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Recovering The High C With Dan Vallimont

Recovering The High C With Dan Vallimont

Giving up is never an option when wrestling. As a stereotype wrestlers are resilient and fight through adversity when they get put in bad positions on the mat. For some this means muscling out of a bad spot for others a more technical approach is the way to go. 

Olympic hopeful and two time All American Dan Vallimont chooses the ladder of those choices when dealing with a bad spot. 

The High Crotch or HighC as some refer to it is a technique that is set up much like a double leg, with your lead leg stepping between your opponents leg and that same side arm shooting through the center of the legs up into the pelvic girdle. 

Once a wrestler enters into the HIghC position there are several finishes both from the inside and outside position. From the inside you will often witness inside leg trips and fireman's carry throws. 

The other position you will see is when the wrestler transitions from the HighC to outside single, this is a popular option as it is a quick transition and once the outside position is attained the risk of being sprawled on is reduced and options for finishing the single leg are plentiful. 

Dan Vallimont knows all about finishing from any position on the mat. You don't make it to the NCAA Podium on two consecutive occasions being a one sided wrestler. Wrestling at the level he does there is no doubt he has also found himself in some bad spots on the mat as well. 

Take for instance attacking with a HighC, there are two levels of how things can go wrong with a HighC. The first is the opponent makes a strong base and hips in to prevent you from breaking their posture. The fix for this is to lift your lead leg and drive again, and again and again...you get the point, continue to drive until you meet success or can recover to a better position. 

The second and much worse position is when your opponent achieves a sprawl but you have maintained good leg control. 

Below Dan is going to show you the technical way to recover from this position and not only get you out of a bad spot but put you in a scoring position along the way.


Dan wastes no time when he is sprawled on, he knows he has to get back up. Knowing that where the head goes the body follows, Dan leads with his head. Getting his head up high and to the outside is the critical first step. 

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If you have been sprawled on hard, getting the head out is not the easiest task. To create room to pop his head out Dan will post his outside hand on the floor.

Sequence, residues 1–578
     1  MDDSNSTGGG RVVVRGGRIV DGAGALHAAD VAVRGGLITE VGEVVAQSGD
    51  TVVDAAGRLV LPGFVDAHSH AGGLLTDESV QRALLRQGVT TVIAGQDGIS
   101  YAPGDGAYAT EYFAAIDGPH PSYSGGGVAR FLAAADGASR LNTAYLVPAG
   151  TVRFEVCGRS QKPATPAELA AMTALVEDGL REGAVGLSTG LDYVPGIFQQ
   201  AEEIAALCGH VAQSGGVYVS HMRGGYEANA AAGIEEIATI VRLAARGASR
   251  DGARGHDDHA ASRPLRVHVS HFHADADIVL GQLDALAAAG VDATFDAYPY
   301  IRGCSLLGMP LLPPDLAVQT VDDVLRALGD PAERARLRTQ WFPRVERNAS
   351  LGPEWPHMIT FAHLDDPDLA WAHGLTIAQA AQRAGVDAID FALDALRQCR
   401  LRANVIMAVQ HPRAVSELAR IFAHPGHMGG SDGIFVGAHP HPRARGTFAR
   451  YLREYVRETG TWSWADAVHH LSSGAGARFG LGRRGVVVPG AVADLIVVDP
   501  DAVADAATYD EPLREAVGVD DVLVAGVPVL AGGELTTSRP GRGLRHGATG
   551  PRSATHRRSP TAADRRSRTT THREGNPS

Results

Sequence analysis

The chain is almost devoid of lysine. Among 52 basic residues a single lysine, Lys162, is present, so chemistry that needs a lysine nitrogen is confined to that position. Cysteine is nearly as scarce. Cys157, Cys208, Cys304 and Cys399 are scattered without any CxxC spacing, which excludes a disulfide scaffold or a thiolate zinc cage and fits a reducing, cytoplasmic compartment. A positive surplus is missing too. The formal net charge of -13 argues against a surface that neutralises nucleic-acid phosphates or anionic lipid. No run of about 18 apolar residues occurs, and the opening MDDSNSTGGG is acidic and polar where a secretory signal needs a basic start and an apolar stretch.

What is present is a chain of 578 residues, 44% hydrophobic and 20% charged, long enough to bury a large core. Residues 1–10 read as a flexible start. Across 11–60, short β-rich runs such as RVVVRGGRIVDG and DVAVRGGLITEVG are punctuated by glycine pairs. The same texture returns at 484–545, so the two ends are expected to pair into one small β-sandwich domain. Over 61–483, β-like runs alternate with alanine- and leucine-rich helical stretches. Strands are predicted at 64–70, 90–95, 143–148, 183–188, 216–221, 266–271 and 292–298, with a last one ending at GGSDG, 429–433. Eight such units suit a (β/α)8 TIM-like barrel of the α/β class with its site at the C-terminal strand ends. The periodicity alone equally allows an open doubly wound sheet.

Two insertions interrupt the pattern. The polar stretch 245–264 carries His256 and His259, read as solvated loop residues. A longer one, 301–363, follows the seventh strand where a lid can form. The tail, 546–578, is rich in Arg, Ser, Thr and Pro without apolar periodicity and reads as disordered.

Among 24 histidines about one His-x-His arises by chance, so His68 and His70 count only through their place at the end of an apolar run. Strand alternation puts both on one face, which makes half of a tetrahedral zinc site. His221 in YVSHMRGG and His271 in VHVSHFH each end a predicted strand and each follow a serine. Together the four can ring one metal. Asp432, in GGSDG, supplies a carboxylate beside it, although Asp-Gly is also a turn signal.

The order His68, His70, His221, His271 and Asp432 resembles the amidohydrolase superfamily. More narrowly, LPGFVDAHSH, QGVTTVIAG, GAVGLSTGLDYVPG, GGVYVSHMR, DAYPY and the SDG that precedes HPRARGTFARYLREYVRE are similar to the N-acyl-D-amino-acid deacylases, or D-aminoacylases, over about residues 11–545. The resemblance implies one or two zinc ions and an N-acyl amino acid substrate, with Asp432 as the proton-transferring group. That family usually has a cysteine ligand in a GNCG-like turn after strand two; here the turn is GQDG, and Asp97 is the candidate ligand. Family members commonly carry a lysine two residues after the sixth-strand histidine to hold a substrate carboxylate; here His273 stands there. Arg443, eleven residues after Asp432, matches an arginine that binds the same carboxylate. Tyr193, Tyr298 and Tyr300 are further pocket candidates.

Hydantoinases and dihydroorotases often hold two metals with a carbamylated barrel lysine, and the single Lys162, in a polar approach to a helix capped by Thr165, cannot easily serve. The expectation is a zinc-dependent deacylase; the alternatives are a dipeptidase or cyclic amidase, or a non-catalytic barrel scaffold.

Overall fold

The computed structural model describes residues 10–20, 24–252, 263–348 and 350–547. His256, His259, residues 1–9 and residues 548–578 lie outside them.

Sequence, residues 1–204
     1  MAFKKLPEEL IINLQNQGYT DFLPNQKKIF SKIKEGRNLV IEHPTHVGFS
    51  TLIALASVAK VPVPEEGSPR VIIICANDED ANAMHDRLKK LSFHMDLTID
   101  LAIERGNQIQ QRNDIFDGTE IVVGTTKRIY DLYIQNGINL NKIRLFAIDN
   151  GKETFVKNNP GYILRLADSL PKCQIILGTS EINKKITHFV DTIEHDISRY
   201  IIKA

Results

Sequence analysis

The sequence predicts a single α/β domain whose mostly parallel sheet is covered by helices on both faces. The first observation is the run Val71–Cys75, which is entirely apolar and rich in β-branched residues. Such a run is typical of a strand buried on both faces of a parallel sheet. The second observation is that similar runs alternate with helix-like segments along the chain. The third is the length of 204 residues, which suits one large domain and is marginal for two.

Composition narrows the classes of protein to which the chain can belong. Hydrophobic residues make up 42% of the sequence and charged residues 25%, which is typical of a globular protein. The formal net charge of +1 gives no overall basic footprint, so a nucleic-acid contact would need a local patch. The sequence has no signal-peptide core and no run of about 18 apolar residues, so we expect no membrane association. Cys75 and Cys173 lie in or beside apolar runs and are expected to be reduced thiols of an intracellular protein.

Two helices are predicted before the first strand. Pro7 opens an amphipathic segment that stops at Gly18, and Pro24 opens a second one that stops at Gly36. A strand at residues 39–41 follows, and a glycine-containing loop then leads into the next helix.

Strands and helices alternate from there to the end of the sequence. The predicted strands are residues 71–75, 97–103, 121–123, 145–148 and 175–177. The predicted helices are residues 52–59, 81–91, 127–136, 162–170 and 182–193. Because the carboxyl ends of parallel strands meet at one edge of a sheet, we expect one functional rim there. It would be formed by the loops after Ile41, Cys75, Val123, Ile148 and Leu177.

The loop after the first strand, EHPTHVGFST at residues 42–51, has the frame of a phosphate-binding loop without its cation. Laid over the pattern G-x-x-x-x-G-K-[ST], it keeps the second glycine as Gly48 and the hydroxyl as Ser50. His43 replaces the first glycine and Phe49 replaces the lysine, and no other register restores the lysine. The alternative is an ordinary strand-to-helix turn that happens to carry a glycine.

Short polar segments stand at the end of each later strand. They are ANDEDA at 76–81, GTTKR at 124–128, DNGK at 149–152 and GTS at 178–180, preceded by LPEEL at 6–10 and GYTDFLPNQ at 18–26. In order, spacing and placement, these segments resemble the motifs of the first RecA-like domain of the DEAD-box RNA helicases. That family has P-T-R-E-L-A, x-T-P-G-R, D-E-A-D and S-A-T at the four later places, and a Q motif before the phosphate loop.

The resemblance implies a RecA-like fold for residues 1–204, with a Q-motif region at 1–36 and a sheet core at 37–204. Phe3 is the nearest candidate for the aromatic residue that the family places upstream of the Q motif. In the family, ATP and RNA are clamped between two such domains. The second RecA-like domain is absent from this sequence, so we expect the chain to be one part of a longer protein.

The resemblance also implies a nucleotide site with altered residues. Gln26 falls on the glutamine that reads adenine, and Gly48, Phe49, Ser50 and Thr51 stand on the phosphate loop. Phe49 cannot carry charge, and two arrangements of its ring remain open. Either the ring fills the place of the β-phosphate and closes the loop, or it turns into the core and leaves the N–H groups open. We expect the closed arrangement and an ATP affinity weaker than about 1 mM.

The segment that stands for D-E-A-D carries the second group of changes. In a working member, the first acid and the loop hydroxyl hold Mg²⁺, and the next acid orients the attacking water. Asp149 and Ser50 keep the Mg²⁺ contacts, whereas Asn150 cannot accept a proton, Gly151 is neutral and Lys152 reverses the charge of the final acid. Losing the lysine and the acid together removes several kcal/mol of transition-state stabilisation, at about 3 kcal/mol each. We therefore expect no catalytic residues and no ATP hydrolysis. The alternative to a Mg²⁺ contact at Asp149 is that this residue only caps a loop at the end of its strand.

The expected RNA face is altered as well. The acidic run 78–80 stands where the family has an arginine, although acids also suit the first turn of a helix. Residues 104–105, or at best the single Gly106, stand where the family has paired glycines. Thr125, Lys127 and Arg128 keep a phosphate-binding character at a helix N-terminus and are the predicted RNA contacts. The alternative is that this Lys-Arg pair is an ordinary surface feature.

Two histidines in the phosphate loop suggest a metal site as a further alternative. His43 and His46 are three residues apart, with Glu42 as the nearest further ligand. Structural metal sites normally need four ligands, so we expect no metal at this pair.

**NOTE: Dan Is not on his elbow, he is posted with full arm extension**

Dan has realistic expectations when it comes to this maneuver. The idea that Dan’s inside arm can hold his opponents leg for any period of time is fleeting. So once the hand is posted and the head is up and to the outside, Dan immediately re-secures his grips together.  

Now comes that grit and determination that was mentioned earlier, Once the head is out, grips are secured, The  outside leg has to post up and the arms are pulling the leg back into Dan’s body. This must all be done together to work properly. If done right,Dan will recover his posture with a straight back and the position has been saved. 

Once recovered Dan does not stop trying to circle and create an angle to finish his takedown. Moving slowly this looks easy, but as Dan mentions in the video it is not a fun position to be in and once you are up you have to continue to attack. 

Dan Vallimont is one of the best wrestlers in the United States at the senior level. He has been at that level since before he graduated Penn State University. The United States has so many wrestlers that if you can even make the Olympic Qualifiers, you are already amongst the best in the world. 

Dan at 33 is both a coach and athlete training out of one of the most intense training camps in the world. Dan is 100% focused on competing right now, but as the old saying goes “If you want to truly understand something, Teach it” and that is what Dan has done at Wrestling Fanatics.

Dan has created several series that focus on very specific situations in wrestling. There is no doubt that during this time Dan has been able to identify situations that improvements can be made positionally and he takes great pride in making the most detailed instructionals that he can. 

The Underhook Formula by Dan Vallimont
Check out his Underhook Formula here: It covers the Several High Crotch entries and sequences in section two. Before he even gets to that point in the instructional Dan covers literally everything you need to know about being in the correct position with the underhook and how to troubleshoot problems you will encounter along the way.